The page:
Prescription drugs
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Nonsteroidal antirheumatics (NSAR) are useful for those arthritis patients who suffer from pain, inflammation or both – especially for those who suffer from inflammatory types of arthritis such as rheumatoid arthritis and ankylosing spondylitis.

First-line defense drugs

If you are taking a drug to alleviate arthritis pain, it is probably one of the many NSAR drug s that are on the market. ''Nonsteroidal'' means that these drugs don't contain prednisolon or any other corticosteroid drugs which also have anti-inflammatory effects. NSAR drugs are used against pain caused by arthritis as well as other kinds of pain, including headaches, menstrual pain and toothache.

Patients who are known to have had asthma attacks, rashes or any other allergic reactions to aspirin should avoid NSAR drugs.

Aspirin, first put on the market in 1900, is now classified as an NSAR drug. All NSAR drugs have some things in common; they alleviate pain in small doses, and they alleviate both pain and inflammation i larger doses. Many people who suffer from osteoarthritis take NSAR drugs to reduce pain but most of them don't need large doses, since OA usually doesn't cause inflammation. However, for people suffering from OA and also suffering from inflammation or those suffering from any type of inflammatory arthritis, taking larger doses of NSAR drugs to reduce inflammation can be a great help, since inflammation damages joints and causes a great amount of pain. Many NSAR drugs can be bought over-the-counter, among the rest, ibprofen. They are available under many trade names, and some of them presuppose higher doses and are sold only on prescription.

How to take NSAR drugs and not upset your stomach

Gastrointestinal upset is one of the most common (and also most serious) problems that come with NSAR drugs. However, if you are taking NSAR drugs to treat arthritis, here are some precautions you can take to ensure that you do not upset your stomach:

  1. Take your drug with a glass of water during a meal.
  2. Don't lie down after you have taken the drug; wait at least 15-30 minutes
  3. Limit your alcohol intake as much as possible, since taking NSAR drugs and drinking alcohol can increase risk of gastrointestinal upset
  4. Ask your physician if it is possible to take some days to pause and not take the drug. A few days of rest after a few days of taking the drug can give the stomach time to regenerate. If pain and inflammation become too heavy during the pause, you can perhaps replace NSAR drugs with a paracetamol.
  5. Consult your physician before taking various NSAR drugs simultaneously, even if you intend to take them in small doses. Combining various NSAR drugs in doses that have an anti-inflammatory effect can significantly increase the risk of gastrointestinal upset.
  6. If you are taking aspirin occasionally, some types of aspirin that contain substances that reduce gastric acid levels (such as buffered aspirin) can reduce stomach upset, although they are not necessarily gentler for the stomach after a continuous use. Also, coated aspirin can help. The special coating prevents the aspirin to dissolve in the stomach; instead, it dissolves in the small intestine. However, a certain disadvantage of this NSAR is that you will have to wait longer to feel the effects because of the coating.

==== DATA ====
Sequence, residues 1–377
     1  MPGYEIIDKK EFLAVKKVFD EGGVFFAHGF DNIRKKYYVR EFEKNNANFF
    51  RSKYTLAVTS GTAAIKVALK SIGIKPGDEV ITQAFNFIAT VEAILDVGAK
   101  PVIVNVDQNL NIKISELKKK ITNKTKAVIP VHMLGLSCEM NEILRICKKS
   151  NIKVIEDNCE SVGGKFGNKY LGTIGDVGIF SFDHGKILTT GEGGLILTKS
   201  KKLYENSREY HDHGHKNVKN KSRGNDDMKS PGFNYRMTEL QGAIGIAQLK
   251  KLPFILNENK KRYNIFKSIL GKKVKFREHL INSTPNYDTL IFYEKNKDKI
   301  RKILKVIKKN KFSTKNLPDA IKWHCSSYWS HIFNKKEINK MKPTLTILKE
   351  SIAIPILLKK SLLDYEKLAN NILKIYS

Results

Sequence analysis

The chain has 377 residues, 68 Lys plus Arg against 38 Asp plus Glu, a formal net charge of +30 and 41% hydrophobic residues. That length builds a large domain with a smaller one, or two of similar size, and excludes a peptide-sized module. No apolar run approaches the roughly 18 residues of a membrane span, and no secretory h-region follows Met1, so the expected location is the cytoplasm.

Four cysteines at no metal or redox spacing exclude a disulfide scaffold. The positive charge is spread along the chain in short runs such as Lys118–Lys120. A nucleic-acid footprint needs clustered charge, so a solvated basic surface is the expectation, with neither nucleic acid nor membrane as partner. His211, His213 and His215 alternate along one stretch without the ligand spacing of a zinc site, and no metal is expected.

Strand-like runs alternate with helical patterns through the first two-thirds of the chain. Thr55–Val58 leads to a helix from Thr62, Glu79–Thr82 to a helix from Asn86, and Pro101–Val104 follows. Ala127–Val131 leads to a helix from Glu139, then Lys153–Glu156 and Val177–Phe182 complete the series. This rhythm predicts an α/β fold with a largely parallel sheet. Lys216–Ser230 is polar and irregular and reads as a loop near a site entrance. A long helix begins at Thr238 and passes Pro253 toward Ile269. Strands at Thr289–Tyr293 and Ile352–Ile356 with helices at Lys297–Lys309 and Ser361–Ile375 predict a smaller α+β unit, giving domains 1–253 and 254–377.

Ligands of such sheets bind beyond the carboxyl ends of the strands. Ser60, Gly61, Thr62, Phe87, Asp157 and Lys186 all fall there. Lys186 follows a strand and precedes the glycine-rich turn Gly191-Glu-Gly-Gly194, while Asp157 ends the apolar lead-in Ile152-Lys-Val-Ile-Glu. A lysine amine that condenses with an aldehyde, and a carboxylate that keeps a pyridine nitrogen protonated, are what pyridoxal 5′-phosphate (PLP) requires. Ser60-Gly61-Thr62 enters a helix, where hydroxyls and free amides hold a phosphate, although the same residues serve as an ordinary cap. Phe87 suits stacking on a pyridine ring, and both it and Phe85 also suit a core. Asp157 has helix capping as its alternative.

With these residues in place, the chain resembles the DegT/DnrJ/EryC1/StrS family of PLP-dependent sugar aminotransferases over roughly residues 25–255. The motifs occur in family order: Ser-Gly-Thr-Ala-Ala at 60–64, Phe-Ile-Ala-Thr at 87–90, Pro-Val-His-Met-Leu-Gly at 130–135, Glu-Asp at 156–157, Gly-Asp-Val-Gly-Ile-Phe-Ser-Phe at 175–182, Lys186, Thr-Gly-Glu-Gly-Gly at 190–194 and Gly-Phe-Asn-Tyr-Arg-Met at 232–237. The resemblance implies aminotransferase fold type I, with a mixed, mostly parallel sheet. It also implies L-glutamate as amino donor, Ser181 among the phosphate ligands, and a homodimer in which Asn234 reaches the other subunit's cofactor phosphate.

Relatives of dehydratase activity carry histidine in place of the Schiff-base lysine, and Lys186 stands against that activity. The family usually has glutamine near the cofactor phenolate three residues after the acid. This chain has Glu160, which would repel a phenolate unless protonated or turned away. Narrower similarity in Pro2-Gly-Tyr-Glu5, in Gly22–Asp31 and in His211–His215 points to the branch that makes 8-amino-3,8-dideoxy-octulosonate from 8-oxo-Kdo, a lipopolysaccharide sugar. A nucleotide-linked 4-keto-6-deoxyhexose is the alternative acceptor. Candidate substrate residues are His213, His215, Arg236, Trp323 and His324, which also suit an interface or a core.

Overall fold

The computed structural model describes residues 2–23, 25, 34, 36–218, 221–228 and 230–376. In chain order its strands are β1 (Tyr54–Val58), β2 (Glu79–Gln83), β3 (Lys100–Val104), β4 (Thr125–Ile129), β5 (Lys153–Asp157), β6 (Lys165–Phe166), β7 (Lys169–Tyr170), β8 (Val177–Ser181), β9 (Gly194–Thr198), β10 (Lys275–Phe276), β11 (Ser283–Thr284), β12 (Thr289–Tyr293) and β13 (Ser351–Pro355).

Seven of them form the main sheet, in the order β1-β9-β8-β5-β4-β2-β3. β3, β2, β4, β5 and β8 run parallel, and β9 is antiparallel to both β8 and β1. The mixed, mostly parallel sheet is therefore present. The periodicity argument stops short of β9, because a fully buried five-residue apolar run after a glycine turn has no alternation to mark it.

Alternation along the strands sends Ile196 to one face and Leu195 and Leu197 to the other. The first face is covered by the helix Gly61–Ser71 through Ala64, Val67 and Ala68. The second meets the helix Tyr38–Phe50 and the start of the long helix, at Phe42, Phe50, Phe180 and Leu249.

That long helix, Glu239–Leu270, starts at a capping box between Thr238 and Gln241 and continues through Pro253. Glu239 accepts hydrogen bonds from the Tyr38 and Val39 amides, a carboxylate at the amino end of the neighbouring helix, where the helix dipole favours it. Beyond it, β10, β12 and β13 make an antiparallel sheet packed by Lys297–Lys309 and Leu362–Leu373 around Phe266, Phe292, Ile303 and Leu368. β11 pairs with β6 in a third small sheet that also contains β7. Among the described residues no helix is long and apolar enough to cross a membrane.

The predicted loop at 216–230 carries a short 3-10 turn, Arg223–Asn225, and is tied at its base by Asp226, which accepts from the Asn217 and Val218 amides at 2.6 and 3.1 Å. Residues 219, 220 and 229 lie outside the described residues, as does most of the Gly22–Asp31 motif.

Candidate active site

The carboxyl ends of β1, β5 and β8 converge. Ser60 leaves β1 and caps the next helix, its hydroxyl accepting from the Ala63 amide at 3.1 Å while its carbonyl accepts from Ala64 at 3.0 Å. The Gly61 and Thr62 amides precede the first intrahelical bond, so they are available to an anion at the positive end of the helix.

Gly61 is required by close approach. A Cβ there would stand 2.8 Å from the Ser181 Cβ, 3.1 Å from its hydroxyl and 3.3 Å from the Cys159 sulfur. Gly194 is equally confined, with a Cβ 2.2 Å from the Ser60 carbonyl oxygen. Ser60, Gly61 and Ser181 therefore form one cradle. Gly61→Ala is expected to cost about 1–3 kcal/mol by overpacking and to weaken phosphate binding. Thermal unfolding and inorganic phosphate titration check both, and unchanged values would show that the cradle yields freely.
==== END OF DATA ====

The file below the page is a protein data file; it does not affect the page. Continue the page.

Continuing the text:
"For" and "against" NSAR drugs

NSAR drugs prevent the forming of prostaglandines, chemicals that cause pain. NSAR drugs suppress the effect of ''bad'' prostaglandines by blocking the enzyme cyclooxygenase 2 (COX-2).

Unfortunately, besides blocking COX-2, standard NSAR drugs also block COX-1 which produces 'good' prostalglandines that protect the stomach wall and other parts of the gastrointestinal system by regenerating their mucosa. Without that mucous layer, the ever-present acetic and eroding juices can damage the gastrointestinal system. It is not surprising that NSAR drugs used in large doses (which is the reason why they are available only on prescription) will more probably cause problems than those NSAR drugs that are available over-the-counter.

If you are at a higher risk of having gastrointestinal complications, you should maybe try a combination of diclofenac and misoprostol. This drug mixes diclofenac NSAR with misoprostol, artificial prostalglandines that help protect the gastrointestinal system.

Even if they help reduce pain and inflammation, NSAR drugs can cause severe gastrointestinal problems, including ulcers and severe bleeding. In UK, 1-2 % of all patients taking NSAR drugs are admitted to hospital because of severe gastrointestinal issues every year, and these drugs are estimated as the cause of death in 2500-3000 cases. However, this statistics should be perceived from a different angle as well: NSAR drugs are one of the most common types of drugs, and most people that are taking them have no serious complications.

Choosing the right NSAR

All NSAR drugs basically function in the same way, so they are expected to be beneficial to patient's health no matter which NSAR drug they are taking. However, patients suffering from arthritis very often have a specific reaction to NSAR drugs, so for patients who have no positive effect from a certain NSAR drug, another NSAR drug could be extremely beneficial. Sometimes patients have to try several NSAR drugs before they find the right one, and that means to find the drug which helps and does not cause side effects. The general rule is that if a certain NSAR drug works, it effects will be visible in 7-14 days.

The American rheumatology faculty recommends osteoarthritis patients to avoid indometacin, since research has shown that a continuous use of that NSAR can actually speed up cartilage deterioration. In UK, this drug is usually avoided, and is replaced by ibuprofen that carries less risk of gastrointestinal problems.

Source: an excerpt from the book "Living with arthritis"